Chicago Tribune's Scores

For 4,471 reviews, this publication has graded:
  • 64% higher than the average critic
  • 2% same as the average critic
  • 34% lower than the average critic
On average, this publication grades 3.8 points higher than other critics. (0-100 point scale)
Average Movie review score: 66
Highest review score: 100 Something Wild
Lowest review score: 0 Pee-wee's Big Adventure
Score distribution:
4,471 movie reviews
  1. Beautifully wrought, darkly funny and finally devastating, My Own Private Idaho almost single-handedly revives the notion of personal filmmaking in the United States. [18 Oct 1991]
    • Chicago Tribune
  2. It's so thoroughly engaging, so beautifully made, strikingly shot and chock-full of humor and humanity, I can't imagine any intelligent audience not falling in love with it - if only they take the leap of faith to see it.
  3. It's a joy. Altman does Dallas the way he did "Nashville" in Nashville or Hollywood in "The Player."
    • Chicago Tribune
  4. Vibrating with humanity, it's a potent portrait of love, ranging from the purely carnal to the impurely sublime.
  5. Takes the raw truth and makes it jubilantly, terrifically entertaining.
    • Chicago Tribune
  6. The greatest rock concert movie ever made -- and maybe the best rock movie, period.
  7. Some movies delight you. Some stimulate and provoke. Some enlighten and inform. And some simply hand you a rousing good time-- does all of that and more.
  8. A rare example of a literary film that preserves the best of its source while creatively filling up on it.
    • Chicago Tribune
  9. Both the movie and Denzel Washington are knockouts.
    • Chicago Tribune
  10. Of all the movies I've seen in the past several years, this is one of the ones I love the most.
  11. This is a movie about the world at war with itself, and the result is riveting, sublime and unforgettable.
  12. Kaufman's startling Quills gives us an anatomy of fear, images both silken swift and molten hot, scenes that disrupt and inflame the imagination.
  13. 82-year-old Ingmar Bergman takes one of the most painful, shameful episodes of his own life and, writing for director Liv Ullmann, transmutes it into magical, brilliant artistry.
    • Chicago Tribune
  14. Bravo!
  15. Great, bittersweet family drama.
  16. A spectacular, engrossing, big-hearted film based on one of Korea's great national epics and made by that country's top filmmaker.
    • Chicago Tribune
  17. A movie bull's-eye: noir with an attitude, a thriller packing punches. It gives up its evil secrets with a smile.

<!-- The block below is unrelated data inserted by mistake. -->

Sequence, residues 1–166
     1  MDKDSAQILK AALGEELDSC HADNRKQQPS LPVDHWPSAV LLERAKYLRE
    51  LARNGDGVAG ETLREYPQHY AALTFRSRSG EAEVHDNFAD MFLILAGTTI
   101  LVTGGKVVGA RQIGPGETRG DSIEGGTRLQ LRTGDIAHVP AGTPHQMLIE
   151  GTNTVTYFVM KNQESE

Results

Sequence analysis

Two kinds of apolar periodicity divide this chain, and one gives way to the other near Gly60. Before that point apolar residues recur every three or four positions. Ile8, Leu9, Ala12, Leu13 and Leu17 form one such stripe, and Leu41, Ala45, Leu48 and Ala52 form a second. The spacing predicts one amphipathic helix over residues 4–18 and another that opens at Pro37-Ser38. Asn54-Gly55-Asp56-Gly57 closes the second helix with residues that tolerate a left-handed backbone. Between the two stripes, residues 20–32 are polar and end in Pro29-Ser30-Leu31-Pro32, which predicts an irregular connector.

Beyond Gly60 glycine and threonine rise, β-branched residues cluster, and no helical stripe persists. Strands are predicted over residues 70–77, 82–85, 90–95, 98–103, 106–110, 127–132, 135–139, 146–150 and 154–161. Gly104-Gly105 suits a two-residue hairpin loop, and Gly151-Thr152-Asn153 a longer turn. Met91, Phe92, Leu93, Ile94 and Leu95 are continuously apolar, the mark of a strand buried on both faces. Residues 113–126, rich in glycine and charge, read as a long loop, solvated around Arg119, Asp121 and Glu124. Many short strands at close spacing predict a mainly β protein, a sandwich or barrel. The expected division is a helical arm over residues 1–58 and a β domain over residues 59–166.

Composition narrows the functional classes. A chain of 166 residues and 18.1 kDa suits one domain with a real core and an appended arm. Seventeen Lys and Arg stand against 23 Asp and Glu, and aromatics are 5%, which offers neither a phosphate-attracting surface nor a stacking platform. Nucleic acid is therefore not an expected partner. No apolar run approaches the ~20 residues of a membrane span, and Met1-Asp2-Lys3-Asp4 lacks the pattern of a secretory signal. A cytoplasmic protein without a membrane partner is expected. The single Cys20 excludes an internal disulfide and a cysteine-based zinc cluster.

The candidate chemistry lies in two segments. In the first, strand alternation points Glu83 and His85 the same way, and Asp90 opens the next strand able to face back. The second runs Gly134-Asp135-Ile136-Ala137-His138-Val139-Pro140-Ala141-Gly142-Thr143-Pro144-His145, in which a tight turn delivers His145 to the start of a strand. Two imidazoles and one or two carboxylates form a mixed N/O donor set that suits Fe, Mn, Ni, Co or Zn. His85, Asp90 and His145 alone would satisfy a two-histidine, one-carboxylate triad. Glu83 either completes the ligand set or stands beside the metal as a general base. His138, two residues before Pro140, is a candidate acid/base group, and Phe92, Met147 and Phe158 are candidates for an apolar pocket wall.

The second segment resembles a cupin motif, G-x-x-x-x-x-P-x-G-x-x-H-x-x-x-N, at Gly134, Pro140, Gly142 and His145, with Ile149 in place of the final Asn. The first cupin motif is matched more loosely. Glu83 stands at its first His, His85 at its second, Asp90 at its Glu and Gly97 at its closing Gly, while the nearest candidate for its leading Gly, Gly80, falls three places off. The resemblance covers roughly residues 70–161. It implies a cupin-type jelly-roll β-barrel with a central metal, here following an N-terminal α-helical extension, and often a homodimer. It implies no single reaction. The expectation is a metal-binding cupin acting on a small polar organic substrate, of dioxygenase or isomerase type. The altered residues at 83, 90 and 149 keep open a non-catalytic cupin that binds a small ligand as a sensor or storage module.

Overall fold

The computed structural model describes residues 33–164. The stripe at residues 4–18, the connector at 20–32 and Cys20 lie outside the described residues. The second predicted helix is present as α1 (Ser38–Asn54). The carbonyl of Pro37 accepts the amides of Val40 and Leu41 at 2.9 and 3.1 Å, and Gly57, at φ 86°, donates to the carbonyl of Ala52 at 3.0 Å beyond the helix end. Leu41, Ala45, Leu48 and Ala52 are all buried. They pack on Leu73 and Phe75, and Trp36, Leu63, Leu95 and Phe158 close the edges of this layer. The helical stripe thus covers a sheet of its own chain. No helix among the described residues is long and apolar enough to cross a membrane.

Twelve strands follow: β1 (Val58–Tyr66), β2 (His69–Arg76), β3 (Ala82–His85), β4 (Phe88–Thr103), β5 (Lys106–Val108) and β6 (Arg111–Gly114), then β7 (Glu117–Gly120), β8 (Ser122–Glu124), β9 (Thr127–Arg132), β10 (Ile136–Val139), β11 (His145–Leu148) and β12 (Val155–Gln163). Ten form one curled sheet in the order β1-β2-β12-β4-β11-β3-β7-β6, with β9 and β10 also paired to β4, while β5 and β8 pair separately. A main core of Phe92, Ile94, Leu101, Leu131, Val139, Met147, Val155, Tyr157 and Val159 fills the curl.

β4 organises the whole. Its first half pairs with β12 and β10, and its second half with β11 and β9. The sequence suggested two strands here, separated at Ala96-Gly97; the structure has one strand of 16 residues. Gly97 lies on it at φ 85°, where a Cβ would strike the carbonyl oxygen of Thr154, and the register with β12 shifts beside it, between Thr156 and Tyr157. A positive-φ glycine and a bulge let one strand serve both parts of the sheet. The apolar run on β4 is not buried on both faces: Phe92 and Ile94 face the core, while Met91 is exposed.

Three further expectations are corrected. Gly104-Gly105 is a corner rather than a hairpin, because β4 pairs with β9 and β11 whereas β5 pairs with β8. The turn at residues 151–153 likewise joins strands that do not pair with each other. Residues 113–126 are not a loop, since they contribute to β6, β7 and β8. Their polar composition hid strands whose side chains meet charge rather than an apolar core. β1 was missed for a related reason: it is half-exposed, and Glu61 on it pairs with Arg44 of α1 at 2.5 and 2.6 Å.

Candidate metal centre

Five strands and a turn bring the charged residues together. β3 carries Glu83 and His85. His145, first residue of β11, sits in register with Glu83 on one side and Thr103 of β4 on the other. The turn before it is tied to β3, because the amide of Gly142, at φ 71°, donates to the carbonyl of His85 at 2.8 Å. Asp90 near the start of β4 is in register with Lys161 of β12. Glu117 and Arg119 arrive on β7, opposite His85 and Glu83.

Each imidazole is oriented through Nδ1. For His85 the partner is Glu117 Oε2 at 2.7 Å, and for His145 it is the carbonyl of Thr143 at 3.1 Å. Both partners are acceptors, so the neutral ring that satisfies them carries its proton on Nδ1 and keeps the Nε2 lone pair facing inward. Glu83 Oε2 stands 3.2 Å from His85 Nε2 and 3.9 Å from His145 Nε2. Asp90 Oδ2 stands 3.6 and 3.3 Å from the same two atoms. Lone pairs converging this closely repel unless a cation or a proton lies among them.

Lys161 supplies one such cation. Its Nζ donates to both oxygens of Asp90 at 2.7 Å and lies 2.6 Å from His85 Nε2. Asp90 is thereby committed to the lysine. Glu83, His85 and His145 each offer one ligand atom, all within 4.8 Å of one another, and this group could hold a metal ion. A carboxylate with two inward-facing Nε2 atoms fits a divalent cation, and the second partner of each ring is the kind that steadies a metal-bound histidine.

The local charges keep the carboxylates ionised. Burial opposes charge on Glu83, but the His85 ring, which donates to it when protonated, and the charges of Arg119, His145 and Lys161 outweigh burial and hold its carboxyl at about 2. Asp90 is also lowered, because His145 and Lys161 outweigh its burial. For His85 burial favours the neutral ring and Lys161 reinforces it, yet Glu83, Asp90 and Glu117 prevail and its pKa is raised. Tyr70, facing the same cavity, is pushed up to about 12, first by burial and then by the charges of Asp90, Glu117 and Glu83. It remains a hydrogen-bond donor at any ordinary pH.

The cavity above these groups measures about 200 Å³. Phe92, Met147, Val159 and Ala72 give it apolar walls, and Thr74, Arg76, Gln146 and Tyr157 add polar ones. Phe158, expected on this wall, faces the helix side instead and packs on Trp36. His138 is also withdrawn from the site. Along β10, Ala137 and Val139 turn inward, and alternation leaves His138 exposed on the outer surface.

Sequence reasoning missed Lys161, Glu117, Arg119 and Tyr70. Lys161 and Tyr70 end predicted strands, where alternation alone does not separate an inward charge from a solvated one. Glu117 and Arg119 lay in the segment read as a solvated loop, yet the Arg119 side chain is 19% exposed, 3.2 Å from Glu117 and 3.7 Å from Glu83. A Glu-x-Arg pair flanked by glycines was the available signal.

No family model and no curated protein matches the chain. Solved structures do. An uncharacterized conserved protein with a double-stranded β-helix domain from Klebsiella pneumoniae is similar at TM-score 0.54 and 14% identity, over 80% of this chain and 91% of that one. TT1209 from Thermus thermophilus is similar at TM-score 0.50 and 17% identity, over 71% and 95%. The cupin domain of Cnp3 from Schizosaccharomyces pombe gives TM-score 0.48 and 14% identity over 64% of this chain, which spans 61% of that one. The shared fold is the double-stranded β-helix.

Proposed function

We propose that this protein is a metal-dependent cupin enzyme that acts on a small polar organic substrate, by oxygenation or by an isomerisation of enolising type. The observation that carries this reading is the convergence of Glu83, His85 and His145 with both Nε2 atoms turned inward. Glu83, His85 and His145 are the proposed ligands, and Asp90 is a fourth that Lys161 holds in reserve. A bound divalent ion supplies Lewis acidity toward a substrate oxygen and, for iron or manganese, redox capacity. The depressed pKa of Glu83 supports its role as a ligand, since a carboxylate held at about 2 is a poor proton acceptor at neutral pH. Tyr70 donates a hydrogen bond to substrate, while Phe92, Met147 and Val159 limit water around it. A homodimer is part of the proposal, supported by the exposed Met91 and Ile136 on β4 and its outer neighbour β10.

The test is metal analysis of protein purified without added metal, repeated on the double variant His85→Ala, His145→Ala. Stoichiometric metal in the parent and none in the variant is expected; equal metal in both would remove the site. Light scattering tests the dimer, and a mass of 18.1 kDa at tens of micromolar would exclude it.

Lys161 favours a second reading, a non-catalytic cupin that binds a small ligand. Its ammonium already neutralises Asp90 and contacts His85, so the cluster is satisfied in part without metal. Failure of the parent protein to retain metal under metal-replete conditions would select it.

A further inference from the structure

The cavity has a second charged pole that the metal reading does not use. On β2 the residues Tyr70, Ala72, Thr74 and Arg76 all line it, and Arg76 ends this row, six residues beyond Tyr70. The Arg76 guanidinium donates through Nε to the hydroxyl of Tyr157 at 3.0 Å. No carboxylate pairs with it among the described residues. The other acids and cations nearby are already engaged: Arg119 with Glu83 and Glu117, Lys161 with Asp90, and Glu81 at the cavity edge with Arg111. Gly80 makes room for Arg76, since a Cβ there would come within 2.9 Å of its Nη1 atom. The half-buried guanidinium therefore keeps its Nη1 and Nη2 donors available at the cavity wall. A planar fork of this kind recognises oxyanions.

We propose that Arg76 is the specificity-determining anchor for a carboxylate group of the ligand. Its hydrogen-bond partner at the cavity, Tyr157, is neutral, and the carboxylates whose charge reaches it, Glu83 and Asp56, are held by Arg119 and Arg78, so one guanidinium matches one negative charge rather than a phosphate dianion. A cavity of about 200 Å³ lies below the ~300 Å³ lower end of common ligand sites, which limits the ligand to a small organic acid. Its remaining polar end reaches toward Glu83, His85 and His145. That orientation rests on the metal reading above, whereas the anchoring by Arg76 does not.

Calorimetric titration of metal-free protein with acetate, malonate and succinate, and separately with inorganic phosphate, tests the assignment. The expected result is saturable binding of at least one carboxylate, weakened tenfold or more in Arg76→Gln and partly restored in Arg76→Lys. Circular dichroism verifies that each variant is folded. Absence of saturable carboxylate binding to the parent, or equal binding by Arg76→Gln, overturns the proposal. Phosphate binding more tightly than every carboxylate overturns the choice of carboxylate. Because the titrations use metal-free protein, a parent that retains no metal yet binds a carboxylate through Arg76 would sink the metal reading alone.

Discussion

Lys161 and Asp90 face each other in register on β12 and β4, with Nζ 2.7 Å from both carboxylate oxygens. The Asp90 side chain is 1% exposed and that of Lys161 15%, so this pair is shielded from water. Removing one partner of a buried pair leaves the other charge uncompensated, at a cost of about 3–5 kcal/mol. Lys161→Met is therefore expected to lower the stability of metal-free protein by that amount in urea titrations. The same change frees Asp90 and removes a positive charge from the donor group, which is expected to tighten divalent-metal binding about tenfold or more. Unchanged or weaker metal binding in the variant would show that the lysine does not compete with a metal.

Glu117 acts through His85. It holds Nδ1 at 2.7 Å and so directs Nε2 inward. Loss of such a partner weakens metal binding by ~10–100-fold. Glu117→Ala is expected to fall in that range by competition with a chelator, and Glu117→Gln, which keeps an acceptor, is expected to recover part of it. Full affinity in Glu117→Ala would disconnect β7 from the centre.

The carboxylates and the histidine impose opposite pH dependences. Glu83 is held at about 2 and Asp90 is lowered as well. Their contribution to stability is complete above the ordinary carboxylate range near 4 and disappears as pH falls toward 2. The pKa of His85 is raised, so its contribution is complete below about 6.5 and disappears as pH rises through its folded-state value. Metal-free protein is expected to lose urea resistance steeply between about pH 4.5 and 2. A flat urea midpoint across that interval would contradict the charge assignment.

18. Such a sour, mindlessly inflated experience that seeing it may temporarily put you off historical movies.
    • 79 Metascore
    • 100 Critic Score
    Has moments of profound poignance, though it lacks the overall dramatic impact of "The Long Way Home."
    • Chicago Tribune
  19. This is a film precisely constructed, brilliantly imagined.
  20. Moretti gives us something different but very important. He shows us how life goes on.
  21. A film poem of sometimes humbling beauty: a movie that opens up a new world to us - in the mountains of Iranian Kurdistan - with an enchanting freshness and austerity of vision.
    • Chicago Tribune
  22. This is one not to be missed.
  23. A beautiful and genuinely spirit-lifting film about poverty and education.
  24. A film which should gratify any audience starved for intelligent dialogue, realistic portrayals of romance and lovely, non-cliched open-air photography.
  25. As we watch, we can sense, once again, the eye of a painter, the dreams of a poet and, tying them together, the vision of a master.
    • Chicago Tribune
  26. An amazing celluloid poem by a filmmaker whom Ingmar Bergman called "the greatest." He very nearly was. He was also, perhaps, too pure a creator and reckless a citizen to survive unscathed.
  27. Blazes up constantly with a stunning, off-kilter brilliance, an incandescent force that sometimes explodes the space between us and the screen.
    • Chicago Tribune
  28. An absolute delight, one of the most sheerly pleasurable movies Altman has ever made. It's wry, jokey and sexy, a tart and delectable entertainment. And, like most of Altman's best work, it's graced with a top-notch ensemble of first-class [9 April 1999, Friday, p.A]
    • Chicago Tribune
  29. It's perhaps only because it can't be seen in its full glory on television that "Lawrence" isn't ranked more highly on some recent all-time "best film" lists. But it belongs near the very top. It's an astonishing, unrepeatable epic.

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